TABLE II__________________________________________________________________________ Viscosity in mPa · s Thickener Metal salt initial after 7 daysEx. (%) (%) value at 60° C.__________________________________________________________________________ 6 polystyrene (30) -- 1900 3000 7 " Cu--Ac.Ac.(0,005) 1900 2900 8 " Co--Naph.(0,1) 1900 2600 9 " V--Ac.Ac.(0,005) 1900 390010 SBA (30) -- 860 110011 " Cu--Ac.Ac.(0,005) 860 120012 " Co--Naph.(0,1) 860 130013 " V--Ac.Ac.(0,005) 860 130014 polyvinylbutyral -- 5900 11500 ("Butvar" ®, Monsanto)15 polyvinylbutyral Cu--Ac.Ac.(0,005) 5900 11800 ("Butvar" ®, Monsanto)16 polyvinylbutyral Co--Naph.(0,1) 5900 10900 ("Butvar" ®, Monsanto)17 polyvinylbutyral V--Ac.Ac.(0,005) 5900 11600 ("Butvar" ®, Monsanto)18 polyurethane -- 8100 7700 elastomer (16)19 polyurethane Cu--Ac.Ac.(0,005) 8100 5200 elastomer (16)20 polyurethane Co--Naph.(0,1) 8100 2200 elastomer (16)21 polyurethane V--Ac.Ac.(0,005) 8100 6100 elastomer (16)22 acrylic ester -- 80 240 polymer (30)23 acrylic ester Cu--Ac.Ac.(0,005) 80 350 polymer (30)24 acrylic ester Co--Naph.(0,1) 80 160 polymer (30)25 acrylic ester V--Ac.Ac.(0,005) 80 400 polymer (30)26 PVC (high-polymer) -- paste paste27 PVC (high-polmer) Cu--Ac.Ac.(0,005) " "28 " Co--Naph.(0,1) " "29 " V--Ac.Ac(0,005) " "30 acrylonitrile- -- 6400 10200 butadiene copolymer (65)31 acrylonitrile- Cu--Ac.Ac.(0,005) 6400 16600 butadiene copolymer (65)32 acrylonitrile- Co--Naph.(0,1) 5400 10800 butadiene copolymer (65)33 acrylonitrile- V--Ac.Ac.(0,005) 6400 11700 butadiene copolymer (65)34 SBS (20) -- 3400 670035 " Cu--Ac.Ac.(0,005) 3400 690036 " Co--Naph.(0,1) 3400 650037 " V--Ac.Ac.(0,005) 3400 760038 ABS (23) -- 3700 500039 " Cu--Ac.Ac.(0,005) 3700 4300__________________________________________________________________________ SBA = styrene/butadiene/acrylate terpolymer PVC = polyvinyl chloride SBS = styrene/butadiene/styrene terpolymer ABS = acryl/butadiene/styrene terpolymer Cu--Ac.Ac. = Cu(II)acetylacetonate Co.Naph. = Conaphthenate, 8% solution V--Ac.Ac. = vanadyl acetylacetonate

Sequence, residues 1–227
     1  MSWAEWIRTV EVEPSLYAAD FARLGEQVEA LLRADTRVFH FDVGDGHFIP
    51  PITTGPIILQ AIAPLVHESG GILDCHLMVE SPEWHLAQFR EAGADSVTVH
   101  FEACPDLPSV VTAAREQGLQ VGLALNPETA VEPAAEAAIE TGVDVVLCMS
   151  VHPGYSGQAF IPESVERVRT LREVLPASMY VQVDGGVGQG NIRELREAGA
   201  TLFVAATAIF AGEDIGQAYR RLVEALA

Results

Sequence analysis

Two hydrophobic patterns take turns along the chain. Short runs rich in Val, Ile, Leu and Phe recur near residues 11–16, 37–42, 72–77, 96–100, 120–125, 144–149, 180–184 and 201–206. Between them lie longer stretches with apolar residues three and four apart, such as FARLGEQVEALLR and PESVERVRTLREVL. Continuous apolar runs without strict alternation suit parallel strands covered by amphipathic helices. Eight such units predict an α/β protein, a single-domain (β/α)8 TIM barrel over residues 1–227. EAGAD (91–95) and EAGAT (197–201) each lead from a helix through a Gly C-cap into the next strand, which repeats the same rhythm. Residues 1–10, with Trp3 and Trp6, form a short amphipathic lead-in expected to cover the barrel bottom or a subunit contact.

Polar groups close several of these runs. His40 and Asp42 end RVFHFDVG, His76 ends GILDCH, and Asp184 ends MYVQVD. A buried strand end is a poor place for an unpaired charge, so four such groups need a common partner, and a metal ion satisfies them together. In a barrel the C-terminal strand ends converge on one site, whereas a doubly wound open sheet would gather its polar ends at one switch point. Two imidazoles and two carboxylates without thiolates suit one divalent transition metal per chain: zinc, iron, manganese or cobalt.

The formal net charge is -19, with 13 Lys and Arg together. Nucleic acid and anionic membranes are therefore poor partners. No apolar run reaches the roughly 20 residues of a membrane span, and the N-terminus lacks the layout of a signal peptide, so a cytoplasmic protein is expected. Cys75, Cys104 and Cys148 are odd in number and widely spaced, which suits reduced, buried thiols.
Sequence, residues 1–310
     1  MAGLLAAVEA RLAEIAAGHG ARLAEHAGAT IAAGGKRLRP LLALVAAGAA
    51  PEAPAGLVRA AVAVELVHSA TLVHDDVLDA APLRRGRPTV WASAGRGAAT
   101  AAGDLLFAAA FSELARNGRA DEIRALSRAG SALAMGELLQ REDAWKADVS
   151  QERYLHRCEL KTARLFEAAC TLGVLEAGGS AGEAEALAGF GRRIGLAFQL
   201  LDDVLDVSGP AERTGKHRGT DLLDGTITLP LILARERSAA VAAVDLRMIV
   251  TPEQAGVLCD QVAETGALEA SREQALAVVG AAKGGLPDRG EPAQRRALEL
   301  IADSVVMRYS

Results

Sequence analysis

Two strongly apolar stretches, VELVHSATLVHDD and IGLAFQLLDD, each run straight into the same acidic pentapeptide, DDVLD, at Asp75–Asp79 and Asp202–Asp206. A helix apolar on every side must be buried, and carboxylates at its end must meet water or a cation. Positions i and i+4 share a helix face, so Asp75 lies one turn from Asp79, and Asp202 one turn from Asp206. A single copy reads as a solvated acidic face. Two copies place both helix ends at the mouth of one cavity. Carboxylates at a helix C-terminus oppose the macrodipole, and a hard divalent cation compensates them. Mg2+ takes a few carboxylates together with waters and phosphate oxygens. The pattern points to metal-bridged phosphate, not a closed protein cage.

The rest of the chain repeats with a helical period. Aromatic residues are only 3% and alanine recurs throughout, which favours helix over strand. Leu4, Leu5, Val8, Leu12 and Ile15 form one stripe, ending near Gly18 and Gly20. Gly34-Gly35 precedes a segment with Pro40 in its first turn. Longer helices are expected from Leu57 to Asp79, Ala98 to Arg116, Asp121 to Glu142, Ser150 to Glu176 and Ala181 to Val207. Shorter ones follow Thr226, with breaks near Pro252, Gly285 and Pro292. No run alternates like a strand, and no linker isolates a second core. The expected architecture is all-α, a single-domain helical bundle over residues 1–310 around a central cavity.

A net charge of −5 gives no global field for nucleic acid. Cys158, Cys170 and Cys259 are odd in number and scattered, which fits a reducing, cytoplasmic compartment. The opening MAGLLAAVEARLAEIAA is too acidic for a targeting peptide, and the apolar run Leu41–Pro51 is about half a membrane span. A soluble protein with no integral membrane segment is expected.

In Table III are given the tensile strength values, for the Examples 6-39, of bonds with the acrylate resin A after curing at room temperature for 45 minutes and for 24 hours, whereby in the first case is used a freshly prepared curing agent (HA), and in the second case a curing agent after storage for 7 days at 60° C. (HB). Degreased aluminium sheets are bonded in these tests.
TABLE III______________________________________ Tensile shearing strength in N/mm2 Curing at RT, 45 minutes Curing at RT, 24 hoursExample HA HB HA HB______________________________________ 6 dela dela 12 16 7 6 14 12 16 8 1 1 12 15 9 1 1 14 1210 dela dela 6 611 6 8 14 1512 dela 1 2 913 1 1 10 414 1 1 24 2715 23 23 21 3216 2 1 25 2917 4 9 27 2318 1 1 22 2219 13 23 22 3020 5 3 23 2621 4 7 22 2022 1 1 8 923 4 7 8 1124 2 2 7 1225 3 4 11 826 1 1 18 1627 1 1 3 328 1 2 21 1929 1 1 23 2030 dela dela 4 531 3 5 7 932 1 1 5 1033 3 3 11 534 dela dela 8 835 8 6 12 1336 1 3 9 1137 2 3 11 1038 7 9 26 2639 7 9 8 9______________________________________ dela = delaminated, that is, no adhesion
From Table III can also be seen the adhesion-accelerating action of the metal salts.